Pulley uptop the mast??

Discussion in 'Sunfish Talk' started by 73sunfish, Jul 29, 2009.

  1. 73sunfish

    73sunfish New Member

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    I would love to be able to easily raise the main with one hand, the current end cap style just doesn't work for me really.

    has anyone thought of putting a AMF alcort puffer style mast pulley on?

    see picture.. any ideas or thoughts about this project?


    [​IMG]
     
  2. NightSailor

    NightSailor Captain

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    Waste of time and effort. It goes up fine without a pulley. There are better things you can do with your boat.
     
  3. 73sunfish

    73sunfish New Member

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    fuzzy dice and shag carpet?
     
  4. Webfoot

    Webfoot New Member

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    Does not go up so fine if using 5/16 line. Solution given to me was to lash a Carbo Block to the top of the mast. You can still buy the flagpole pulleys used on the old SF but that means drilling a hole in the top of the mast. I think Carbo Block is a much better solution.
     
  5. Ksjudson

    Ksjudson Judkei

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    The early Sailfish and Sunfish had a single pulley (block) at the top of the mast that was used for raising the sail. The pulley was attached with an eye bolt that went through the mast.

    You could easily duplicate this with a pulley from West Marine or other marine dealer. I think any pulley (Ronstan, etc.) that is large enough for your halyard would work fine. You might have to open the "eye" of the eye bolt a little bit so you can attach the pulley and then close the eye.

    I assume Alcort replaced the pulley with the mast-top fairlead because it was less expensive.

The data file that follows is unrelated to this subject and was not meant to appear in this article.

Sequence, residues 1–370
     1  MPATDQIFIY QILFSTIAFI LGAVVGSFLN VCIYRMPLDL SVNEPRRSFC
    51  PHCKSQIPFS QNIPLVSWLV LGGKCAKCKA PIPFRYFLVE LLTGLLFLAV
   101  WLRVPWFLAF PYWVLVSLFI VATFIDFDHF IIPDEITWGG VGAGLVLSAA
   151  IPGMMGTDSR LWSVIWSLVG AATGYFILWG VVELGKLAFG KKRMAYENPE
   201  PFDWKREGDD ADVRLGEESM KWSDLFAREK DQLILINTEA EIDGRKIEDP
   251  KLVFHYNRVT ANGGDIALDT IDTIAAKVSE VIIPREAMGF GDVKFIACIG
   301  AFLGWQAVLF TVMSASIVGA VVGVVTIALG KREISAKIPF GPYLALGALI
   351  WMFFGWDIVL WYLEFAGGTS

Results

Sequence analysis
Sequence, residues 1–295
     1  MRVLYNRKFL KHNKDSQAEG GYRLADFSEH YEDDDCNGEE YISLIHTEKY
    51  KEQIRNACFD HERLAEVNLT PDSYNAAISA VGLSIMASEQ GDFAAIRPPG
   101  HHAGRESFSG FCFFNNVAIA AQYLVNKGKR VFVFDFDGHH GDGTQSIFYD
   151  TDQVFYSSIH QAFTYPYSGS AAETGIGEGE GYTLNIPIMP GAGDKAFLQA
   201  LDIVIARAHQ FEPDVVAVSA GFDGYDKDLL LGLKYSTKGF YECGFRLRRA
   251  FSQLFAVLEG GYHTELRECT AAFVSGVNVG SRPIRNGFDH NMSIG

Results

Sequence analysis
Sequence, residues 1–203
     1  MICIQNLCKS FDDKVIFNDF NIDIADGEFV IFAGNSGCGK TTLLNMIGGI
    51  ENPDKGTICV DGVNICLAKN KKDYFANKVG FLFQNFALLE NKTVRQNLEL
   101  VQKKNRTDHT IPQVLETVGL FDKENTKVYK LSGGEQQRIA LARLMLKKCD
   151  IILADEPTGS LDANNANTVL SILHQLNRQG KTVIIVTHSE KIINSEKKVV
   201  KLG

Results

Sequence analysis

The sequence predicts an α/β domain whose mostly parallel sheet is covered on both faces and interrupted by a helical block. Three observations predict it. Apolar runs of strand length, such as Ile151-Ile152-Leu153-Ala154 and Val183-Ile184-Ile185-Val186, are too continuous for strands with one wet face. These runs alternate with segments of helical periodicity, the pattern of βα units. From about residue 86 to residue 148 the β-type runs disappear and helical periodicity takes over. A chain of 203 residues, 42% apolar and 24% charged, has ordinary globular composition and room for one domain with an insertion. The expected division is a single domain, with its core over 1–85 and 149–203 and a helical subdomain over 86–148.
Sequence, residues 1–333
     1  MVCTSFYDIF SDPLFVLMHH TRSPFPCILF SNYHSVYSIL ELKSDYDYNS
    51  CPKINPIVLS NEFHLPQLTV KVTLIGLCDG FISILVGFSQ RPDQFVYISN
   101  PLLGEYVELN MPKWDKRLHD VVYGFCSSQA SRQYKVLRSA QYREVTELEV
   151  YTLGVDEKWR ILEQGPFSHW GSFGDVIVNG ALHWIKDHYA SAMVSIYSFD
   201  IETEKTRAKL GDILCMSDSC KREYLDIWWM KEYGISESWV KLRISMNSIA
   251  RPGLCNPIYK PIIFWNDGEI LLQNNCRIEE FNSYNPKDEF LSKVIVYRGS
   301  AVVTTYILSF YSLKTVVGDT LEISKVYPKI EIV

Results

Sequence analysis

Judkei
    Reno, NV
     
  6. 58984 EW

    58984 EW Member

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    Is it really that hard to raise the sail? What I mean by that is the effort required to steer and hold the sheet is greater than the effort to raise the sail, right?
     
  7. Ksjudson

    Ksjudson Judkei

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    Here is a post dated June 16, 2009 from someone who was looking for the pulley assembly to attach to the mast. You could try contacting Alan Glos to find out if he has another pulley assembly for sale.

    Jukei
    Reno, NV

    --------------------------------------------------------------------------------

    I'm looking for the halyard fairlead pulley assembly to fit a '73 SF


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    Jun 16, 2009, 07:41 PM #2
    Alan Glos
    Registered User


    Join Date: Apr 2004
    Posts: 377 Re: halyard fairlead pulley assembly

    --------------------------------------------------------------------------------

    I have one. $10 + postage. Contact me directly at: aglos@mail.colgate.edu and I can mail it right out.